La resistance against tiger mosquitoes is gaining momentum.
1,500 people in the commune of Antony (Hauts-de-Seine, Ile-de-France) have signed a petition calling for a mobilisation against the invasive species, asking ‘what is the mayor doing?’ They demand a campaign of mosquito clearing.
Meanwhile in Châtillon, (Hauts-de-Seine, Ile-de-France), mayor Nadège Azzaz has contacted the regional health agency on behalf of residents, saying that “besides the annoyance of bites, people are worried for their health.” She is demanding a rethink in the support available for communes.
Perhaps people in the south will cast a cold eye on such demands. The black and white stripes of the tiger mosquito, which originates in South East Asia, have become an all too familiar sight there for the past 20 years.
It was in 2004 that tiger mosquitoes first appeared in Menton near Nice, travelling up the coast from Italy. By 2010 they had fully infested the Mediterranean crescent and seized the Rhone valley as far as Lyon. Five years later, they had infested Paris.
Now, in 2023, they cover most of the country, 71 communes, with only Brittany, the northern coast and the north-east spared.
Is the north ready for mosquitoes?
With tiger mosquitoes spreading further north with each hot summer, more communes are facing the spread each year.
The mayor of Châtillon says that more can be done: “They only eliminate mosquitoes if we prove a case of dengue fever. What we want is for this method to be reviewed by the regional health agency and the state, which should be giving communes far more support in managing the problem.”
The tiger mosquito’s role in spreading Dengue, chikungunya and zika is of real concern: in 2022, 439 cases of dengue were detected in France, 138 of which were in the Ile-de-France area.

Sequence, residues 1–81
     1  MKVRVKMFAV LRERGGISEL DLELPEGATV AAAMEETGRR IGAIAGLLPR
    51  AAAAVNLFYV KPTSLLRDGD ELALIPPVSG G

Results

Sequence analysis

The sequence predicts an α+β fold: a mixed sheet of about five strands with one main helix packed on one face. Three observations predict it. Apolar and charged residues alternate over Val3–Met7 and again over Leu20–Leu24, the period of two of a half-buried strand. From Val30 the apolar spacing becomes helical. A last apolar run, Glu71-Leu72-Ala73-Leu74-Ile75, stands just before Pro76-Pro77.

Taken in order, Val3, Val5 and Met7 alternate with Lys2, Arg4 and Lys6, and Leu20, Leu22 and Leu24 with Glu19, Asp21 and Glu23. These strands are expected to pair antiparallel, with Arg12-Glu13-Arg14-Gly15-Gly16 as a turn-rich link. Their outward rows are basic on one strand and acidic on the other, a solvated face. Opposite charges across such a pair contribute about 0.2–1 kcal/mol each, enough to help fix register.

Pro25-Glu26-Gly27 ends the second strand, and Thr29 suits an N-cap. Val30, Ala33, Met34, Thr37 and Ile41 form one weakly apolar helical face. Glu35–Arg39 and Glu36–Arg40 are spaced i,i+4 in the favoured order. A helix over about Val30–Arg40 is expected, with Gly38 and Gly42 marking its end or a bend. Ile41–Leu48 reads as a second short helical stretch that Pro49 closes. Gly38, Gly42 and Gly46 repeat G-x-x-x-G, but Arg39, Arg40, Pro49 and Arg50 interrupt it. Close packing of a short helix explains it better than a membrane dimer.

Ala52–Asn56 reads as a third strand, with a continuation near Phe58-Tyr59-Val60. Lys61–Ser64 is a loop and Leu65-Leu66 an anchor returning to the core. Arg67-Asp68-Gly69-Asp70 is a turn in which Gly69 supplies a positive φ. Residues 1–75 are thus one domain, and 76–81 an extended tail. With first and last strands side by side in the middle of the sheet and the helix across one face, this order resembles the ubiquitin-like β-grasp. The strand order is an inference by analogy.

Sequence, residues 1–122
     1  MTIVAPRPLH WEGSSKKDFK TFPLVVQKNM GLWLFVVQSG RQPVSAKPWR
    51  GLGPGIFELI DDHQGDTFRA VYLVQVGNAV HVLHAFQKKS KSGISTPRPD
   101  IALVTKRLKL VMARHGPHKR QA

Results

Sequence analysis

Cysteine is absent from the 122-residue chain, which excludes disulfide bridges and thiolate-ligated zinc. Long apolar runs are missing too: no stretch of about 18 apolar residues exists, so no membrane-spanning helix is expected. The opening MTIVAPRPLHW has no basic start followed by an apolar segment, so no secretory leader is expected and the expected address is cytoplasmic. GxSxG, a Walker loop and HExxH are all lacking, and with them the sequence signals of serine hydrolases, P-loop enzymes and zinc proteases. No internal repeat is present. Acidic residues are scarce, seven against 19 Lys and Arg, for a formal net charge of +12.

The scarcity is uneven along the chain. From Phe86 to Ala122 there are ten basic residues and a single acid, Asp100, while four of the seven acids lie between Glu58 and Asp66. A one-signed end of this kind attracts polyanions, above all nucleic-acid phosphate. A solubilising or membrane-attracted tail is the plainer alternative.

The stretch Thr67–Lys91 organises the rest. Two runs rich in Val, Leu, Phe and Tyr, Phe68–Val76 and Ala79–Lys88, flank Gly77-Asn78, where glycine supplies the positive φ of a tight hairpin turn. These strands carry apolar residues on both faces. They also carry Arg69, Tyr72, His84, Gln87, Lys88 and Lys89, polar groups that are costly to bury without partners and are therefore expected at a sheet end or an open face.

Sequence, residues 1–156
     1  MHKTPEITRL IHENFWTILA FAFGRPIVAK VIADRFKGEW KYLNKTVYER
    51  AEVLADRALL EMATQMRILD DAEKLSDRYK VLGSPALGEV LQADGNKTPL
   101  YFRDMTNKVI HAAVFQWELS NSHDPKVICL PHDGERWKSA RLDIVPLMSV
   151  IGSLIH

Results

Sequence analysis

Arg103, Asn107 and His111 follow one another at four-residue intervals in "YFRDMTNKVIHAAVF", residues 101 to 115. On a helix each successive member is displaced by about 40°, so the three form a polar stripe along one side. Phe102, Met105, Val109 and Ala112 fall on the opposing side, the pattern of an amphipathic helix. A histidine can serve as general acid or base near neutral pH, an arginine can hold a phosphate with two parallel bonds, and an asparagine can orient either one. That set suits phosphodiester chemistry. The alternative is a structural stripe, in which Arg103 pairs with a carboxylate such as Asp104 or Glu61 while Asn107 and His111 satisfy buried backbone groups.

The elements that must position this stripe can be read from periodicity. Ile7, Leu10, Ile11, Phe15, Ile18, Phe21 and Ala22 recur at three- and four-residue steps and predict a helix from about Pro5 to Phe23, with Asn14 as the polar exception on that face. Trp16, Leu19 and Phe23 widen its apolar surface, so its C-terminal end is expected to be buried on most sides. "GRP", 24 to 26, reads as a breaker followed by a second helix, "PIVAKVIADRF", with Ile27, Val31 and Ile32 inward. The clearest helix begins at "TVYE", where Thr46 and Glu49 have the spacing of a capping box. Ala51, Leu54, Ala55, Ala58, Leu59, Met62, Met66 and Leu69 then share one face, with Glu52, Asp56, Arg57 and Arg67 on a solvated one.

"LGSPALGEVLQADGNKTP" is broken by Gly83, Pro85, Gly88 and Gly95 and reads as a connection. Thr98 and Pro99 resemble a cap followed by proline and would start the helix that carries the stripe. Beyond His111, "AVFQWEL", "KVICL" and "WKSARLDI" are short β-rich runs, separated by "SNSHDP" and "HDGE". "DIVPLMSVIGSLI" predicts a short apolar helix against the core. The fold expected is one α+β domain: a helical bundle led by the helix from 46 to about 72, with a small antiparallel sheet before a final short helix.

The majority of these Dengue infections were, so called ‘imported cases’, that is, either people returning from abroad, or people in close proximity to them. However 66 Dengue infections were, worryingly, spread independently.
10 ‘imported cases’ of chikungunya and one of Zika were also detected.
‘Benefiting from warmer weather’
Pierre Tattevin, head of the infectious diseases department at Rennes University Hospital, said that the mosquitoes have been benefiting from the warmer weather of the past two decades.
“The tiger mosquito is much more efficient, active and comfortable at temperatures above 22 or 23C,” he told France 24, “In warmer weather they fly longer and farther, live longer, and reproduce faster and more rapidly”
What can be done to keep the numbers down?
While large scale mosquito clearing operations can help on a commune level, to keep tiger mosquito numbers down, individuals should:
- Make sure there are no pools of stagnant water near your house. Emptying all recipients of water, such as plant pots, vases and other open containers People can try putting sand, olive oil or washing up liquid to prevent the growth of larvae in recipients that they cannot empty.
- Keep fish in ponds. The fish will eat any larvae present.
- Cover up rainwater tanks
- Keep swimming pools chlorinated
- Not use too much water when gardening.
How can we fight mosquitoes in the home?
The first and best line of defence is a mosquito net, preferably positioned over all windows and doors. But in addition, the nuisance value of mosquitoes can be reduced by:
- A fan stirring the air, which can prevent them from flying steadily
- Air conditioning under 18°C, which is anathema to mosquitoes
- Light coloured, loose clothing that does not retain heat will attract mosquitoes less that tight, dark clothing
- Showering, which can make your skin smell less attractive to mosquitoes.
Anyone who finds an area to be particularly infested by tiger mosquitoes should signal on the ANSES platform.